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Nat Neurosci. 2019 Apr 22. doi: 10.1038/s41593-019-0385-4. [Epub ahead of print]

Bassoon proteinopathy drives neurodegeneration in multiple sclerosis.

Author information

1
Institut für Neuroimmunologie und Multiple Sklerose, Zentrum für Molekulare Neurobiologie Hamburg, Universitätsklinikum Hamburg-Eppendorf, Hamburg, Germany.
2
Zentrum für Molekulare Neurobiologie Hamburg, Universitätsklinikum Hamburg-Eppendorf, Hamburg, Germany.
3
Leibniz-Institute für Neurobiologie, Magdeburg, Germany.
4
Psychiatrische und Psychotherapeutische Klinik, Universitätsklinikum Erlangen, Friedrich-Alexander-Universität Erlangen-Nürnberg, Erlangen, Germany.
5
Institut für Neuropathologie, Universitätsmedizin Göttingen, Georg-August-Universität Göttingen, Göttingen, Germany.
6
Transkriptomanalyselabor, Institut für Entwicklungsbiochemie, Universitätsmedizin Göttingen, Georg-August-Universität Göttingen, Göttingen, Germany.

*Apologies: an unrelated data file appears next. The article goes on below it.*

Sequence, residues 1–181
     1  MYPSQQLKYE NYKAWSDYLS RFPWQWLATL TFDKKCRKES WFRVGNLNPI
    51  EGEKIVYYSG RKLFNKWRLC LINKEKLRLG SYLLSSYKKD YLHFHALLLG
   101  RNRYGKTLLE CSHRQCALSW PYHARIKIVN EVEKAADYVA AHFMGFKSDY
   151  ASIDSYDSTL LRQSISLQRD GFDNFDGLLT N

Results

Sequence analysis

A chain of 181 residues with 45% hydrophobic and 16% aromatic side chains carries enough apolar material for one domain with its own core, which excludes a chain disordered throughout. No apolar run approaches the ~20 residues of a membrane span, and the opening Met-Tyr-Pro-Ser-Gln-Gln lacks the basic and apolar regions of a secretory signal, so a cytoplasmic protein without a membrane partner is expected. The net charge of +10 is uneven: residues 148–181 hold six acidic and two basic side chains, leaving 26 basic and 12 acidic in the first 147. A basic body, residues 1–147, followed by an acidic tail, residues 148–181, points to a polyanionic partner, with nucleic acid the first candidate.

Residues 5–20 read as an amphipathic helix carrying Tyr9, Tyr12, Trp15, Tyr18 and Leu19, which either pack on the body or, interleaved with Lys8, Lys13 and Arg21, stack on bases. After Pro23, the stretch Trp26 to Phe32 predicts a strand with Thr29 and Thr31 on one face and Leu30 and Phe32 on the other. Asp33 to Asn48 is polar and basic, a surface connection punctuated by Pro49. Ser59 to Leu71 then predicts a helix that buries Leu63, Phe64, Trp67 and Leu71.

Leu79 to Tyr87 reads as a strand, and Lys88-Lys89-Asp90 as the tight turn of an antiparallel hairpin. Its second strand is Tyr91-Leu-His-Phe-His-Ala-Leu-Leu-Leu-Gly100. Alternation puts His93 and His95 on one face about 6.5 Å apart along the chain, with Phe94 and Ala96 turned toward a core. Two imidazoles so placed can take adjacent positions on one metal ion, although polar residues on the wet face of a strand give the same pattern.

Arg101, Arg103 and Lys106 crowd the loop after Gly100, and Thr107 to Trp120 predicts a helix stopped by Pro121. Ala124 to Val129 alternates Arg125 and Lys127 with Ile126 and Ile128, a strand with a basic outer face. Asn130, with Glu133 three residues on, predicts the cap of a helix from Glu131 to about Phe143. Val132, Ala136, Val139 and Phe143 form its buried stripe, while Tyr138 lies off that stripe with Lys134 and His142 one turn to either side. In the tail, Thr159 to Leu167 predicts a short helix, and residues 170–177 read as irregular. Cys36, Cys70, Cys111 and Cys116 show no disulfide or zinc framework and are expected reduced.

7
Center for Behavioral Brain Sciences and Medical Faculty, Otto von Guericke Universität, Magdeburg, Germany.
8
Department of Pathology and Immunology, Service of Clinical Pathology, Geneva Faculty of Medicine, Geneva, Switzerland.
9
Institut für Neuroimmunologie und Multiple Sklerose, Zentrum für Molekulare Neurobiologie Hamburg, Universitätsklinikum Hamburg-Eppendorf, Hamburg, Germany. manuel.friese@zmnh.uni-hamburg.de.

Abstract

Multiple sclerosis (MS) is characterized by inflammatory insults that drive neuroaxonal injury. However, knowledge about neuron-intrinsic responses to inflammation is limited. By leveraging neuron-specific messenger RNA profiling, we found that neuroinflammation leads to induction and toxic accumulation of the synaptic protein bassoon (Bsn) in the neuronal somata of mice and patients with MS. Neuronal overexpression of Bsn in flies resulted in reduction of lifespan, while genetic disruption of Bsn protected mice from inflammation-induced neuroaxonal injury. Notably, pharmacological proteasome activation boosted the clearance of accumulated Bsn and enhanced neuronal survival. Our study demonstrates that neuroinflammation initiates toxic protein accumulation in neuronal somata and advocates proteasome activation as a potential remedy.

PMID:
31011226
DOI:
10.1038/s41593-019-0385-4

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